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Ebola’s Other Victims: One-Third of the World’s Gorillas and Chimpanzees

Some estimate that since the 1990s, Ebola has become the number one threat to great apes in Africa.

image via (cc) flickr user mape_s

While the headlines, and accompanying panic, may have subsided for many of us, the Ebola outbreak of 2014 remains one of the most horrific viral epidemics in recent memory. A January 2015 report by the World Health Organization places the number of fatalities at 8,641, with nearly three times that reportedly infected across West Africa. The degree to which life in and around the affected areas has been seismically disrupted is hard to most of us to fathom. It is an outbreak—the most recent of many—that in both scale and severity feels more akin to a war than a disease. But alongside the catastrophic human toll of Ebola’s rampage across West Africa is an alarming trend affecting our nearest genetic cousins: Gorillas and chimpanzees, which have reportedly lost a full one-third of their global populations to Ebola since the 1990s.

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Viral Marketing: What’s Stopping Men From Getting the HPV Vaccine

There’s no way to tell if you, or your partner, lost the genetic lottery. So get the vaccine and tell your friends to do the same.


In early 2011, my doctor informed me that a vaccine to protect against the human papillomavirus—HPV—was now available for men. I was relieved, then frustrated—my doctor didn’t actually offer the principal vaccine, Gardasil, to her male patients. After a couple days of hunting around town, I finally found the vaccine at the Mazzoni Center, a LGBT health clinic in downtown Philly. I received all three shots, and joined the less than 1 percent of American men who are vaccinated against the most dangerous strains of the virus.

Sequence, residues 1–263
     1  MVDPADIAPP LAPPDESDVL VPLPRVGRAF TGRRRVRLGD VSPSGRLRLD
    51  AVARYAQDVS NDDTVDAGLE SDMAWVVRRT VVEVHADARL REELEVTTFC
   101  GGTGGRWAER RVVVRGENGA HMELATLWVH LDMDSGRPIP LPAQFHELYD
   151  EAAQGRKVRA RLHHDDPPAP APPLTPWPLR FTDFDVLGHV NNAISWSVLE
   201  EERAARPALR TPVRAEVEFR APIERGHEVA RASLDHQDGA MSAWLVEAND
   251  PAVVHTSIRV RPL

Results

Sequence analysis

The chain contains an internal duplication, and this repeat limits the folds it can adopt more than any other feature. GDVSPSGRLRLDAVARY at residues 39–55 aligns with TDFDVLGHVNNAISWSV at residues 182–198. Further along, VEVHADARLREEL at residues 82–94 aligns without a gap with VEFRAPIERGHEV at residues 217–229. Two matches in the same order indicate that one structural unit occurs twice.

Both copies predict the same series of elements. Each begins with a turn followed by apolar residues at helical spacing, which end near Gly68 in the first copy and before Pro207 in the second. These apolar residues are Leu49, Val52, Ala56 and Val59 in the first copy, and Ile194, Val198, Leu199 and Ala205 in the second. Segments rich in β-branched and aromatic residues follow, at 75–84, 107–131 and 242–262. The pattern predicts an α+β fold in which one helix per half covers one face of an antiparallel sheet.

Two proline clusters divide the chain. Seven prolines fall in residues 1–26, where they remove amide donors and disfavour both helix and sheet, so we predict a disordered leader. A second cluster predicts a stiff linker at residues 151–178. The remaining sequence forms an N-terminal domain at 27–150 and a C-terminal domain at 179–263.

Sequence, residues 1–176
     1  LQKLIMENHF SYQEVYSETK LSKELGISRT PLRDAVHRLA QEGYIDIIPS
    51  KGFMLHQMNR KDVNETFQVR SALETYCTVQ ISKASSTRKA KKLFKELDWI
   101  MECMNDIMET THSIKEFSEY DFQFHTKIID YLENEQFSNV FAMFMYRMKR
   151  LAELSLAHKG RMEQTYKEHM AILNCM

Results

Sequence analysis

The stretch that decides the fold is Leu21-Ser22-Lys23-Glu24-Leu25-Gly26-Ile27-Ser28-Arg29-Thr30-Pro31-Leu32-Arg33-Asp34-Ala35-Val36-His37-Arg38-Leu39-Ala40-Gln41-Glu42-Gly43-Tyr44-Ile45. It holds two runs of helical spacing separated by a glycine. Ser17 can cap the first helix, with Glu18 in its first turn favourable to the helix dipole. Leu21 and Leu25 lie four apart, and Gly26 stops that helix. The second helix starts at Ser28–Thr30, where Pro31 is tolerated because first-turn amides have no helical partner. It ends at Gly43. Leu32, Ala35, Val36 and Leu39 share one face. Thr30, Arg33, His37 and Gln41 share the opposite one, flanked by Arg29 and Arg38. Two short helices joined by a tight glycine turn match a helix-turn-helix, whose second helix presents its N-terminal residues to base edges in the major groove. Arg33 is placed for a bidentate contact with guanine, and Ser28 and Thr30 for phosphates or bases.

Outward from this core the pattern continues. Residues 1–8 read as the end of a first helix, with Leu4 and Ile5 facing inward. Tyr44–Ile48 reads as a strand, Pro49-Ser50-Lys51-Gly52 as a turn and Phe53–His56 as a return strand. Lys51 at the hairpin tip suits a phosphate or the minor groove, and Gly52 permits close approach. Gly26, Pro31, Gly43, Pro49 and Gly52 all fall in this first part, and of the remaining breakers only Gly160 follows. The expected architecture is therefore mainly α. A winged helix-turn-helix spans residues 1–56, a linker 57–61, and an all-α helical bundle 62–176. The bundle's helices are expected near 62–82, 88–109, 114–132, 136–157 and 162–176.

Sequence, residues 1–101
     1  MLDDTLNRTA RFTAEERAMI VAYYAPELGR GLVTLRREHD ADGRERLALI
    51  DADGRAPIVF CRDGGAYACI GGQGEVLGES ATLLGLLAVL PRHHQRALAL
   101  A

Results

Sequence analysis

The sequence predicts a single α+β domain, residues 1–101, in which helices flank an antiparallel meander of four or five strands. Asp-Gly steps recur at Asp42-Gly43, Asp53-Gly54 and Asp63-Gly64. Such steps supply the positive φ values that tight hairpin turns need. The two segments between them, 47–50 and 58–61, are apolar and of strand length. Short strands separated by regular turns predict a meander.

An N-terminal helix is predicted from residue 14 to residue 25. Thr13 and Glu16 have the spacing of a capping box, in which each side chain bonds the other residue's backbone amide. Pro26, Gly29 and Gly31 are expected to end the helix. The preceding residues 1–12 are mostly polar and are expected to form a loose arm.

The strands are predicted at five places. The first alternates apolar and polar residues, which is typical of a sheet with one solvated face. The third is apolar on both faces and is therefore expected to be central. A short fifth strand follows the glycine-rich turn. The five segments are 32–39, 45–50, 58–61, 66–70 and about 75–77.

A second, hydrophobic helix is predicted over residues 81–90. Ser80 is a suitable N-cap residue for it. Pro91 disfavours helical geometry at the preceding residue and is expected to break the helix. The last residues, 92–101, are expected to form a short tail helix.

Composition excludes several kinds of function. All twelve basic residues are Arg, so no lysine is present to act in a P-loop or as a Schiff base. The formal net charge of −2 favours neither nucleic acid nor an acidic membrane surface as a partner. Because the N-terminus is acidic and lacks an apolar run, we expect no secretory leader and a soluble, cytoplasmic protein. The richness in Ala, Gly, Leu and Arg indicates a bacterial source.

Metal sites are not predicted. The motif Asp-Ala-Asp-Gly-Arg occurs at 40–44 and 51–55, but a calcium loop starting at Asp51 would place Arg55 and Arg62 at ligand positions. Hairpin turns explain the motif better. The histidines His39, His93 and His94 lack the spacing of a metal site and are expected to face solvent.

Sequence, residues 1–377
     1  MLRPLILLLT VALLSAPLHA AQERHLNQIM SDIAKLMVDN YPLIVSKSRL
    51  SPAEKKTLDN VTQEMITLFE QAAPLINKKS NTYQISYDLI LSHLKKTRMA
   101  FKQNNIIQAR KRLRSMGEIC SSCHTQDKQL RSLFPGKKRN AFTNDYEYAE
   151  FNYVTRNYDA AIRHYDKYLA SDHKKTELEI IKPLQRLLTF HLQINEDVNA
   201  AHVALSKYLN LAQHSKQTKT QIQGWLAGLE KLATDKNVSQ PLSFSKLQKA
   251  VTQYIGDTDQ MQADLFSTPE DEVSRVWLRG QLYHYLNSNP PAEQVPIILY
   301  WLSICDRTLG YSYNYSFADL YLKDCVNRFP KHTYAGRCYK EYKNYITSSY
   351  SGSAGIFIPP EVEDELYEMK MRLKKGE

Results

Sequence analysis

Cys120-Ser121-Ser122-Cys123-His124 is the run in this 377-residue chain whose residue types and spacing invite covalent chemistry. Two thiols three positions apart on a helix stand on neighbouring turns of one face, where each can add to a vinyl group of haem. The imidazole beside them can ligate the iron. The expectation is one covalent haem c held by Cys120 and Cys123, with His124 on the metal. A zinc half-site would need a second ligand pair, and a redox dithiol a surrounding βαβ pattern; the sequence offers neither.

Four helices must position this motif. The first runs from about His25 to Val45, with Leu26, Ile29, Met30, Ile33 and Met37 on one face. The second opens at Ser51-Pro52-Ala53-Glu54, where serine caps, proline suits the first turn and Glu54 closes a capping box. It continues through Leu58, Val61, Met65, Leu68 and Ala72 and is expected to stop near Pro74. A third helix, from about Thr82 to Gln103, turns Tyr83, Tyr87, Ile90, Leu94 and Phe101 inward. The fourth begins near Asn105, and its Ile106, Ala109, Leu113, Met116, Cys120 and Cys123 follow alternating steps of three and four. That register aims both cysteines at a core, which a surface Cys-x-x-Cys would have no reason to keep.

While I was exceedingly grateful to the Mazzoni Center inoculating me, I knew of only one other male friend who’d received his shots. So since I got my shots, I’ve made a point of discussing my experience with any friend, acquaintance, or bemused bystander who will listen. And I’ve learned two things about young, straight men and HPV: We all know it exists, and not much else.

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